Our latest LinkedIn survey found that exactly 1 in 2 employees would like an increase in salary – this was the single most important change that they’d like to see right now, over and above other key factors such as training and development, recognition and support from their manager and company.
Assessing and ascertaining employee satisfaction is always very subjective and the needs of individuals will vary depending on many factors such as age, longevity with company, opportunities for progression and organisational culture. Monetary benefits and financial rewards have always been important and are the main reason why we turn up to work, so that they can enjoy the fruits of their labour. Given what has happened during the pandemic, with many having either been either been furloughed or experienced a salary reduction, it is not surprising that half would like a salary increase.
Training and development has also always been one of the most important motivators for employees as research shows that investing in your people leads to greater levels of engagement, loyalty and productivity. Many don’t feel recognised or valued and we know that the Millennial/Gen Z generations will consider look at for example a company’s record on corporate social responsibility (CSR), the environment and sustainability.
What we also found interesting from our latest survey is that only 8% of employees felt that support from their line manager and company was the most important factor for them at work. This was somewhat surprising given that our new remote working way of life and the potential for isolation and separation from our colleagues and friends. If ever there was a time to feel supported, then surely this would be it? Astonishingly, we also found that 2 in 3 managers never check in with their teams to see how they are feeling – only 14% of managers enquire regularly as to the wellbeing of their people.
Boosting retention rates
Flexible working has also always, at least in the past, been a bone of contention, with many employers expecting staff to work from an office with flexibility the preserve of the few. Following COVID, one of the big game changers has been that professionals have had to work remotely and organisations have realised that productivity hasn’t been affected. It is also abundantly clear that workers now want to continue partly in the office and partly remotely – indeed the vast majority, almost 7 in 10 (69%) want a hybrid working model moving forward.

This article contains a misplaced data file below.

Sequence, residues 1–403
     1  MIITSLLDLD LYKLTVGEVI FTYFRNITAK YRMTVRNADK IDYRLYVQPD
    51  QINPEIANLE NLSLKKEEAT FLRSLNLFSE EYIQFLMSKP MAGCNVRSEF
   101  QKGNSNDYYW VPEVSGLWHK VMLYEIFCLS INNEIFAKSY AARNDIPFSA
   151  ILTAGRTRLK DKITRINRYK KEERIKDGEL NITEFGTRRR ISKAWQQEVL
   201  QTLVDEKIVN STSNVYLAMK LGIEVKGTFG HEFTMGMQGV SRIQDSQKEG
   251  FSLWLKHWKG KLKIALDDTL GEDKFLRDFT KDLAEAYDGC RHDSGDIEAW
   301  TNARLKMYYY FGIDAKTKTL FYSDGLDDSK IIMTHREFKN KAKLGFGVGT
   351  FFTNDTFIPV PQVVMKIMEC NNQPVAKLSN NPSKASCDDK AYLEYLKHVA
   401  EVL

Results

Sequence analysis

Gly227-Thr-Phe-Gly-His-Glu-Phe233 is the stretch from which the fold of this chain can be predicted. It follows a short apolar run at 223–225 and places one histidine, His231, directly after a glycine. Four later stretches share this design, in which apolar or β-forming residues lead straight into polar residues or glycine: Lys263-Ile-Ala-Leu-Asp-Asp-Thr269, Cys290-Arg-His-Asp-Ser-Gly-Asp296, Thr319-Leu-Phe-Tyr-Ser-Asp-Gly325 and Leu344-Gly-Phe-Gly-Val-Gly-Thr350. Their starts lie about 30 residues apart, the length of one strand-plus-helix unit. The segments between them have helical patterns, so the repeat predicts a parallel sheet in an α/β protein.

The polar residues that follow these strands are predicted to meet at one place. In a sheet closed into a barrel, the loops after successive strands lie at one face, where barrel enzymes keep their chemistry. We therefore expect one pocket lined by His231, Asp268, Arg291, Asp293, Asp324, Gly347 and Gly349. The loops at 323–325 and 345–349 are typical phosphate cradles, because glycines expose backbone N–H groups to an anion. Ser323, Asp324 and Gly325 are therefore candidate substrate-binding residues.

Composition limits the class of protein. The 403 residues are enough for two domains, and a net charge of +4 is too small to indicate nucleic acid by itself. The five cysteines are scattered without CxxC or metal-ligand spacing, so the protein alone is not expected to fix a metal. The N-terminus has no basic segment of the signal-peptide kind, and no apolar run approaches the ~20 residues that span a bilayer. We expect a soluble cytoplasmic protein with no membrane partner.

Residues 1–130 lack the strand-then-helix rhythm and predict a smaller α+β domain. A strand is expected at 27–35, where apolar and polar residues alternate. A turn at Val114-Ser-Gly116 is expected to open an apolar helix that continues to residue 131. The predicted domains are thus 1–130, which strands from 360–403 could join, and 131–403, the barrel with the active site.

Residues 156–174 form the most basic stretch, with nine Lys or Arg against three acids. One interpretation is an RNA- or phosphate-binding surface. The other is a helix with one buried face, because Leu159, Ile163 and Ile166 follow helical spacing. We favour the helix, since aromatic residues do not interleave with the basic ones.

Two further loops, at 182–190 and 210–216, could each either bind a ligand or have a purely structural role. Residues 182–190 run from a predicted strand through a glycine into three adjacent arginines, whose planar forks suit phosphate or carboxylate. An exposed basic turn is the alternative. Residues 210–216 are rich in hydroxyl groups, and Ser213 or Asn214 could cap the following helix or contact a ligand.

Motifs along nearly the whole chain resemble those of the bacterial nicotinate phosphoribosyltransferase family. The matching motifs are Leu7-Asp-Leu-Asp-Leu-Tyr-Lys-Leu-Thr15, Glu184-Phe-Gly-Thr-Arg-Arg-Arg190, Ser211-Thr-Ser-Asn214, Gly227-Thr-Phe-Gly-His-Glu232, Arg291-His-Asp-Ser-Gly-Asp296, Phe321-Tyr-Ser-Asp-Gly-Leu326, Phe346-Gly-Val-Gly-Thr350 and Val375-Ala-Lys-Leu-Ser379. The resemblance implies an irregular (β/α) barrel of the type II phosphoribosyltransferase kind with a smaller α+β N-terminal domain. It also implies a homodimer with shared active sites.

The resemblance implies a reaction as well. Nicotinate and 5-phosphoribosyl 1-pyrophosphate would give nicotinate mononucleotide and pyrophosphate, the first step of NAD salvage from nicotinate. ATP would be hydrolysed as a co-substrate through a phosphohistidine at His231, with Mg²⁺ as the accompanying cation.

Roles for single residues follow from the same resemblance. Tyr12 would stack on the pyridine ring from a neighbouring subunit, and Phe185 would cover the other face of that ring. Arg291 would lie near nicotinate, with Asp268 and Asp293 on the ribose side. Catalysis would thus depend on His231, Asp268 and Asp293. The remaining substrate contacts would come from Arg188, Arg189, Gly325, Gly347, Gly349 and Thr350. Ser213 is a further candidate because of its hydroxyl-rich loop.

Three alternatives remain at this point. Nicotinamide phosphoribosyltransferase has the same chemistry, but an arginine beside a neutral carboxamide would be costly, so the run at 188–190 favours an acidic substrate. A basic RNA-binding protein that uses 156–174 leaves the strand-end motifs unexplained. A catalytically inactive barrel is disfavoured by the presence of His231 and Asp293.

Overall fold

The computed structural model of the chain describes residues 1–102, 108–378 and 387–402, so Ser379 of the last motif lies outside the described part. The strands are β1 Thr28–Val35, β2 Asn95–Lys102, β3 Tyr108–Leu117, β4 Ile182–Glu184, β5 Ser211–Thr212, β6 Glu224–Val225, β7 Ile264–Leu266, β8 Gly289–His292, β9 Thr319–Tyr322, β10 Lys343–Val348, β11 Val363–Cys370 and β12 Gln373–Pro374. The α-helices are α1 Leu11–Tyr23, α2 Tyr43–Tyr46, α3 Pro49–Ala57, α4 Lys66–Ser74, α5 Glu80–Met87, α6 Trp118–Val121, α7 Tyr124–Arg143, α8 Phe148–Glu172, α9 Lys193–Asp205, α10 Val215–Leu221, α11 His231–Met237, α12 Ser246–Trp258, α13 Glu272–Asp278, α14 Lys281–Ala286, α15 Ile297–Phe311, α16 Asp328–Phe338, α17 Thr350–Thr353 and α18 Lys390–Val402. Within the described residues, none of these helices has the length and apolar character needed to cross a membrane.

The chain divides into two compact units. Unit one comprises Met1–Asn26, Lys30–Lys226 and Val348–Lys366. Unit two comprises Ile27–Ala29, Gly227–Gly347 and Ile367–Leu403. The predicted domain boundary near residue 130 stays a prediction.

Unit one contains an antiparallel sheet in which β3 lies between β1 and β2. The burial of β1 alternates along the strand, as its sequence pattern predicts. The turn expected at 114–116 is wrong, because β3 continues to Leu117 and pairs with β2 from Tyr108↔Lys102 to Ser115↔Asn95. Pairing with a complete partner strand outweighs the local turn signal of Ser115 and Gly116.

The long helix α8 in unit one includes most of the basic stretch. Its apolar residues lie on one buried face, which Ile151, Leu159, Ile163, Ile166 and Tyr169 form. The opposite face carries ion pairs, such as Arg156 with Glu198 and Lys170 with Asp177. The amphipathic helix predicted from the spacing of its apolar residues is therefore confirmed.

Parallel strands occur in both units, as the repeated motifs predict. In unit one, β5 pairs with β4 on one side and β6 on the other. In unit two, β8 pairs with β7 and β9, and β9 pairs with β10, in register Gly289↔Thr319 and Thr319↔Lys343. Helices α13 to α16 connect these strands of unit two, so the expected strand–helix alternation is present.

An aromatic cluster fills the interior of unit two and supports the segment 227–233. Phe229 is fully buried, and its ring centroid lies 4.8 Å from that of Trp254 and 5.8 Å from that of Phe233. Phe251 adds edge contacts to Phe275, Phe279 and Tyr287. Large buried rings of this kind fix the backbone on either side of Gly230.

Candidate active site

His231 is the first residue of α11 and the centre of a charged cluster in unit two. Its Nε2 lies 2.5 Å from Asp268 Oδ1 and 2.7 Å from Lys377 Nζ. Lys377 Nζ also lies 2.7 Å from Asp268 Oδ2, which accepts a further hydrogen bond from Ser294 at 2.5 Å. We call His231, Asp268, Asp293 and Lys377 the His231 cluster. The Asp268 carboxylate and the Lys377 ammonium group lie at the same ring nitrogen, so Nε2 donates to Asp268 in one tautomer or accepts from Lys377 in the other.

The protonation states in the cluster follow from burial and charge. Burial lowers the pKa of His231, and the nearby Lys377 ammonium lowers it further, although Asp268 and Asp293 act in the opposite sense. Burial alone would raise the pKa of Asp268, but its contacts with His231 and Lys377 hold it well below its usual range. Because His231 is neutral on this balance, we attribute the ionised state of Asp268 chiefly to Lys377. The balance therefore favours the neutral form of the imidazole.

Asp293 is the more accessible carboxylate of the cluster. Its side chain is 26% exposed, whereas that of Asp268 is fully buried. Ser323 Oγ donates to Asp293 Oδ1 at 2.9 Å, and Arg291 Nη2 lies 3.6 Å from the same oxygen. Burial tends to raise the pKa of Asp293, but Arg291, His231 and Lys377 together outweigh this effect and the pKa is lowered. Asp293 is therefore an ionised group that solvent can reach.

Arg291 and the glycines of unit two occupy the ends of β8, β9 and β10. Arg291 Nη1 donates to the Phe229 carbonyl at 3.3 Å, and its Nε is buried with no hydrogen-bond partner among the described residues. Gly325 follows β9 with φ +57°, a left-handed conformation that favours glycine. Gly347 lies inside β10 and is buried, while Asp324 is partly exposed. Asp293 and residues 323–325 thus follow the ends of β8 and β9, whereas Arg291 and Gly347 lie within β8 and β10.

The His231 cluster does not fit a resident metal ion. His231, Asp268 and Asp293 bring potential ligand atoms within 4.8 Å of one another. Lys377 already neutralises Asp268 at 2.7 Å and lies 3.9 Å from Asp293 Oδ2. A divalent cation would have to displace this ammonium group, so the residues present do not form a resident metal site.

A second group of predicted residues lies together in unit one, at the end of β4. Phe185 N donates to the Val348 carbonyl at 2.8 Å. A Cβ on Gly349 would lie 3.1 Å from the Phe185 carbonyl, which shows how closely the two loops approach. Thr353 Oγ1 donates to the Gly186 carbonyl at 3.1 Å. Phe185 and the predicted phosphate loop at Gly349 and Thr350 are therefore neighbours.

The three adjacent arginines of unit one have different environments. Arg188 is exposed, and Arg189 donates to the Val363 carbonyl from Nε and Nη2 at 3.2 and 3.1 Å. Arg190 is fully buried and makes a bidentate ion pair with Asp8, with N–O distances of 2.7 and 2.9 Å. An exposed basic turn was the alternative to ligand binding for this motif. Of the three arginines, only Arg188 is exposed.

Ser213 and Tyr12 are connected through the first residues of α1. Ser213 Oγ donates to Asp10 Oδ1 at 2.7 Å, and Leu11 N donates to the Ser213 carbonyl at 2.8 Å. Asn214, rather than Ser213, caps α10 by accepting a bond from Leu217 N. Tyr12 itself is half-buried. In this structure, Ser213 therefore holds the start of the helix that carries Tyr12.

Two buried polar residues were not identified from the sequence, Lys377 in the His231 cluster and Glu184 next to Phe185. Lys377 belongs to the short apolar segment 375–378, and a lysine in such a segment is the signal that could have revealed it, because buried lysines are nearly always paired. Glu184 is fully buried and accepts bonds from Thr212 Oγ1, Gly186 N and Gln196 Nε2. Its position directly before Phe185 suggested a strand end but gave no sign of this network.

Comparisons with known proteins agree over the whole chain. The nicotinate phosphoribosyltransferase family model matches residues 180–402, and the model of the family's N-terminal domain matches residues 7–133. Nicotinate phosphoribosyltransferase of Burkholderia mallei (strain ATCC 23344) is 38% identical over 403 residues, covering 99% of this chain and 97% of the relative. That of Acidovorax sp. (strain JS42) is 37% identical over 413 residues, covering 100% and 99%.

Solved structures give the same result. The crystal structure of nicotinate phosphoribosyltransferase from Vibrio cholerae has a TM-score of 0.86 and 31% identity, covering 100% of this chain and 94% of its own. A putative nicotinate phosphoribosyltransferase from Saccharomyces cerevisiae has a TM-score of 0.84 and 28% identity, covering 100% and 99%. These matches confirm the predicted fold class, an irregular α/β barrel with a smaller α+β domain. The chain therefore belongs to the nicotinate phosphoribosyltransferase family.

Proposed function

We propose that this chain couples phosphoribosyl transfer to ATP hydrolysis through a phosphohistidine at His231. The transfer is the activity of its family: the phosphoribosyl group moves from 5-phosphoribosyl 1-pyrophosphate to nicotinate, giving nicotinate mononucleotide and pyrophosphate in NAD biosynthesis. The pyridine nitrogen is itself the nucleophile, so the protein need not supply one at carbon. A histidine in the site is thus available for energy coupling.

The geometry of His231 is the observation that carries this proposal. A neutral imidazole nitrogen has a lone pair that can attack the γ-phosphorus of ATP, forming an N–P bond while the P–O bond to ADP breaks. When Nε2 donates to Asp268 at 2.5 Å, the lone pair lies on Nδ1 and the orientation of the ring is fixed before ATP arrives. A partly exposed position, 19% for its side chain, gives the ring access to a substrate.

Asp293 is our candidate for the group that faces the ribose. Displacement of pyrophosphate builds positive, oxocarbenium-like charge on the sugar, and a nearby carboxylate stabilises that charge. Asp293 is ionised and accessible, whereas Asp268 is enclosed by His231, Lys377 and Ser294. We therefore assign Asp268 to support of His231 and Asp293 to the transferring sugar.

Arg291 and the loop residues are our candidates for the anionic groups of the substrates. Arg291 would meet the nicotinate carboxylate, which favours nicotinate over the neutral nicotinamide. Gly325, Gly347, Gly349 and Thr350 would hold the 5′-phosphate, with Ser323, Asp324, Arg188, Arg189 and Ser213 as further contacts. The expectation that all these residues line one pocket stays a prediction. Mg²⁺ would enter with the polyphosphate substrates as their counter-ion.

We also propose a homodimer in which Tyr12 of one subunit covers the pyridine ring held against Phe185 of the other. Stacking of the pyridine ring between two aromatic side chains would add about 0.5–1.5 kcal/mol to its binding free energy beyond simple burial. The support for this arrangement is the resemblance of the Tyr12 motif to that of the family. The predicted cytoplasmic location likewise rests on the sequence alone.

But how happy are employees in their current roles? According to our research, just over 1 in 5 (21%) could be deemed as truly happy, revealing that they do not want to leave their employer. However, while 36% were happy but were looking to move, 37% told us that they want to go asap. While most employees will always keep an eye out for other opportunities, we perhaps would not expect such a higher number to be looking for a way out.
So, what can we conclude? Firstly, the rise in flexible working and the focus on mental health have been two of the plus points to come out of this terrible period in our present day history. Yet, with many looking to leave, employers shouldn’t take anything for granted and they must ensure that they can retain their best people. This won’t always be possible but by talking to their employees, investing in their development, training managers on wellbeing, they can make big strides in this direction. And with skill shortages an ongoing problem, organisations can ill afford to let people go.
Retention has always been a challenge. But isn’t it time that organisations rose to that challenge?
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